With our Kemenyan sold out and no other Indonesian oil in the AgarAura catalog for some weeks, I’m sure many of you guessed I would be releasing a new Borneo oud oil soon.
To date, I have released 5 main ‘genres’ of Borneo oud oils. There were the jungly and earthy types (Borneo Jewel, Borneo Symphony), fruity (Jiwa Borneo, Oud Malinau), utterly woody (Borneo Hutan), dark (Borneo Noir), and resinous (East Kalimantan LTD, Kemenyan).
There is a 6th genre, but I have not released it publicly yet (although some of you have already purchased some through private sales) – and that is: bright, fizzy and ethereal. I plan to release oils of this genre later on this year.
Kuno Kayu is a clean and incredibly fruity oud oil with scrumptious notes of orange marmalade and ripe melons. It even beats most Cambodian/Thai ouds in its sweet fruitiness. There is a mouthwatering vanilla note intermingled with the fruits which makes me think of an orange-and-melon creamsicle.
Kuno Kayu happens to be from the same region of Borneo island as our old Oud Malinau and Jiwa Borneo oud oils, the region most prized for its agarwood: Malinau. But although it has the classic citrus and melon notes of any great Malinau oil, it was distilled in a fashion similar to Kemenyan which gives it a gummy and deep resinous character like Kemenyan’s.
Many of you will immediately make the connection between this oil and the sinking-grade Borneo chips I recently sold out of. And that’s no surprise because those chips were, after all, from Malinau as well!
The wood used for this distillation was collected over a period of about 8 months. With wild trees dwindling at an alarming rate, its getting harder to procure wood from this region that is worth distilling AgarAura oils from.
There have been some questions raised about whether the wild-harvested wood for my Borneo oils is truly wild or not. I can assure you that not only were the trees for all of the oils mentioned earlier wild-harvested, but they were (more importantly) all naturally infected as well. I will be writing up another blog entry later, outlining exactly why and how I am able to get truly wild Borneo agarwood (i.e. growing in the jungle, and with naturally occurring resin) in this day and age, when finding such a thing is comparable to finding a needle in a haystack.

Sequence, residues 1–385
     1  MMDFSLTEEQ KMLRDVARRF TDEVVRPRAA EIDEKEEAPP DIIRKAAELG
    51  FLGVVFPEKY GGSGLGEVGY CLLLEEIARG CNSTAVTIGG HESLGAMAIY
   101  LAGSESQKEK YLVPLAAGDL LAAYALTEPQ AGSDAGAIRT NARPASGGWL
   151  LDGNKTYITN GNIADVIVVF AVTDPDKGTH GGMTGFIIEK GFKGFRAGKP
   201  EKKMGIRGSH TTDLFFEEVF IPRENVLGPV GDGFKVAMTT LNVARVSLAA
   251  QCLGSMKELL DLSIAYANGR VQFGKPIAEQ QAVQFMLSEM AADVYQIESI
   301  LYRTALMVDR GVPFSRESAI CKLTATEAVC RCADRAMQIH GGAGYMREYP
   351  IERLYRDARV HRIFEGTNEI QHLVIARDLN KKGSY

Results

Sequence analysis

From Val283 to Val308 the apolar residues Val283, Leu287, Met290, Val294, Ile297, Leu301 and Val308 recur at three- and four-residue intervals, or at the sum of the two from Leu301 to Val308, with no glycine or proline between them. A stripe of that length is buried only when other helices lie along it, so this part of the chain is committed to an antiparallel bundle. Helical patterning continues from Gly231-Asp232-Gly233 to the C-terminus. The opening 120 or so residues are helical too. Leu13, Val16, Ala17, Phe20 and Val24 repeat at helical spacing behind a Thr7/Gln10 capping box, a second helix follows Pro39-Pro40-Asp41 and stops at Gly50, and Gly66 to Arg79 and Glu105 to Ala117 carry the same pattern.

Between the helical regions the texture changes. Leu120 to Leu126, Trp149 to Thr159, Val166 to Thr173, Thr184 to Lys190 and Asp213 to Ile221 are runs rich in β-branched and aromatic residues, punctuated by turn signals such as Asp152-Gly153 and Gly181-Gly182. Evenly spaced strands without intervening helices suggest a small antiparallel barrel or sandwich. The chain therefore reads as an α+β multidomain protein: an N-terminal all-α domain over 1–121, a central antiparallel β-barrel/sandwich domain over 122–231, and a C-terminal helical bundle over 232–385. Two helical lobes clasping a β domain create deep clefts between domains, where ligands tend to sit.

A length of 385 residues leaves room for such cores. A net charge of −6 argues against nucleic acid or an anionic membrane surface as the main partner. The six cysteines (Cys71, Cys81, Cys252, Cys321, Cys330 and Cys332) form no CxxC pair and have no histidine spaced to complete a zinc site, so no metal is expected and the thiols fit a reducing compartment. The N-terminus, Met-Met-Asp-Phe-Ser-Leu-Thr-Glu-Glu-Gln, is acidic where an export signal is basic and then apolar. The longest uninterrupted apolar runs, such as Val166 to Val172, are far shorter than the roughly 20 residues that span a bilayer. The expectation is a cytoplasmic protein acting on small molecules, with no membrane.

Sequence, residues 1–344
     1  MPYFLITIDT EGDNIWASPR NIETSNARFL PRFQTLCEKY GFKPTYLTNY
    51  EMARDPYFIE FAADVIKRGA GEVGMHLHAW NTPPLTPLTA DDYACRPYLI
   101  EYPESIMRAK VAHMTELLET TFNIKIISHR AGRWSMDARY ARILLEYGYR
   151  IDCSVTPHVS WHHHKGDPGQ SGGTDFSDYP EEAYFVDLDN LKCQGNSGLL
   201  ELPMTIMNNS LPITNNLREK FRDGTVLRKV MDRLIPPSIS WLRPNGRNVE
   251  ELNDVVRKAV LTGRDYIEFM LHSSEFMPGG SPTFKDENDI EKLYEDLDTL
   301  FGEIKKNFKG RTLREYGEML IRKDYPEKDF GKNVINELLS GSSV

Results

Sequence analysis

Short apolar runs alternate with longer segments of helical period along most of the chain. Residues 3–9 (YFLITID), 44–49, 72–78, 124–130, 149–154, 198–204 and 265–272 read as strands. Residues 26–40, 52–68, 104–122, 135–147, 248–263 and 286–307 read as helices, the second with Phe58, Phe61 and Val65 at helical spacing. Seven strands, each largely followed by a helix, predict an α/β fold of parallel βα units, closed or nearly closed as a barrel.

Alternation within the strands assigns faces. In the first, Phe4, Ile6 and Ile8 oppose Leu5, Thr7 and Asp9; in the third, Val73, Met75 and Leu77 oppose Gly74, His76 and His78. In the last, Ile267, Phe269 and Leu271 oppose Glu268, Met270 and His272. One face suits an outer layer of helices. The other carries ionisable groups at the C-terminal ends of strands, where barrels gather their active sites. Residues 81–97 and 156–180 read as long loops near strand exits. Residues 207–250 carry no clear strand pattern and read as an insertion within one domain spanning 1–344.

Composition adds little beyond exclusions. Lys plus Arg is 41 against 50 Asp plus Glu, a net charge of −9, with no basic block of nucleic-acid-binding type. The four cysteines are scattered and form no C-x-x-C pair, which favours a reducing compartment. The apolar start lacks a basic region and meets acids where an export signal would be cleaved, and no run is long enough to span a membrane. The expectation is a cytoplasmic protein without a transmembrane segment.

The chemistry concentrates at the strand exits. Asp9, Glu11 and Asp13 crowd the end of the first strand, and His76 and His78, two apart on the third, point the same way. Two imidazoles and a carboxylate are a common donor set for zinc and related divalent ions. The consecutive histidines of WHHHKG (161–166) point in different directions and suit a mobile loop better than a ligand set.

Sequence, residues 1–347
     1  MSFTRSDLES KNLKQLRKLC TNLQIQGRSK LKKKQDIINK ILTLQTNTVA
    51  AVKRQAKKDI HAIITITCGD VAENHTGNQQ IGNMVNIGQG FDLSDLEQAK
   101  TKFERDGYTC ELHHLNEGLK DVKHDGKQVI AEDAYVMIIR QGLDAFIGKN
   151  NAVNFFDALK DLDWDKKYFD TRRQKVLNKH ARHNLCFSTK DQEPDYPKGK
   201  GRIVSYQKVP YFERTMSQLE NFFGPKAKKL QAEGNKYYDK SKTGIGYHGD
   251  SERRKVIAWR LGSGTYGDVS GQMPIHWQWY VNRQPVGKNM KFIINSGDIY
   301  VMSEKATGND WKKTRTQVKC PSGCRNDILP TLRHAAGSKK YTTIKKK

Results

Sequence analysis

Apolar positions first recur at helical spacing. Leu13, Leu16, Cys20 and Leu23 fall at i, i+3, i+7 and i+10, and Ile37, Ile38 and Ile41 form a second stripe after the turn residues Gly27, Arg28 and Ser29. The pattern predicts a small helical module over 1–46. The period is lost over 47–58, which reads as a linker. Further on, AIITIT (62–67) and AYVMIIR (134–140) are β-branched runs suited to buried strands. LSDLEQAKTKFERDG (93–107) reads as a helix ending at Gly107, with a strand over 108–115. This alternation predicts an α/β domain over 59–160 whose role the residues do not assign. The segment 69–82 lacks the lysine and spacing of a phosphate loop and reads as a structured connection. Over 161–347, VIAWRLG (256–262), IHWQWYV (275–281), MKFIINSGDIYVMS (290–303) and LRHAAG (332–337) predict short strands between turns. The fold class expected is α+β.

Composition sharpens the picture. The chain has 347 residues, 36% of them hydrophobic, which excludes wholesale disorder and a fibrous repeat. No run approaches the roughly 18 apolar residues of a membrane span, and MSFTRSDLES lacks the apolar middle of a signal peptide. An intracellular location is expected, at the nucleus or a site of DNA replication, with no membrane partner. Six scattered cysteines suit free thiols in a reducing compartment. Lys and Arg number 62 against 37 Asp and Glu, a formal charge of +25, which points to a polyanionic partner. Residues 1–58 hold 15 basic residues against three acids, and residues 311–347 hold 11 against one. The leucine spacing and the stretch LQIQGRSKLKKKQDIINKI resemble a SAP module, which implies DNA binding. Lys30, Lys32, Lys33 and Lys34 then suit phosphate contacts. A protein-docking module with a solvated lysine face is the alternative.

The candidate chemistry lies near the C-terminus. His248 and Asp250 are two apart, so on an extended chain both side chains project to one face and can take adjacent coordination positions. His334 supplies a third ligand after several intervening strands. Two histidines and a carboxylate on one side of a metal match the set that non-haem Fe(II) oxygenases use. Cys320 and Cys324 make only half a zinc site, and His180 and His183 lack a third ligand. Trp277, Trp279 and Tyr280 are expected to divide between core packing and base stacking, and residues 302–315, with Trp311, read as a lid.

It is common practice in Indonesia – as is elsewhere – to use chemical inoculants to trigger resin formation in trees; not just in plantations but even in trees growing in the wild. Oils extracted from inoculated Borneo trees have a very distinct and unmistakable aroma. Aside from the fact that they’re utterly flat and lack complexity, they simply smell ‘wrong’. There is a strong seedy note, like soaked sunflower seeds. Or the smell of fermenting tea bags. Or latex. I tested a lot of inoculated ouds when I visited Indonesia last year, and until things start getting better, I’ve decided to stay away from Borneo agarwood obtained from inoculated trees.
A total of about 350kg was procured from Malinau for distillation, some of it being used for crafting this oil and part of it being saved for a different distillation method. I want you to see for yourselves how much changing (what might appear to be ‘minor’) distillations factors can affect the smell of the resulting oil.
With our last two Borneo oils being our most expensive offerings to date, some of you might be wondering why Kuno Kayu is selling for only $350. There are a couple of reasons for that.
First and foremost, I have decided to lower my profit margins for new AgarAura releases. This past year has been amazing, and with the extra sales volume I only saw it fit to lower my prices.
Secondly, by now I have fine-tuned the various distillation designs for different scent genres, which reduces risks and costs. In the case of oud, distillation yield follows a Laffer-curve pattern. Up to a certain point, increasing the quality of wood (i.e. the amount of oleoresin in the raw material) improves the smell and also increases the yield – all the way up to the Optimal Point. Beyond that, increasing the quality (and cost) of the raw material does not result in an increase in the oil’s quality, or hardly makes a difference. Furthermore, the Law of Diminishing Marginal Return kicks in so the yield also goes down. Essentially, it costs more for no justifiable reason. By avoiding this unnecessary expense by distilling close to the Optimal Point, not only do I manage to lower my costs but you, the customer, also save. Everybody wins. : )
Those of you who frequent my blog or are subscribed for updates & coupons can also use the coupon code KUNO30 by the 15th of July to get an additional $30 off.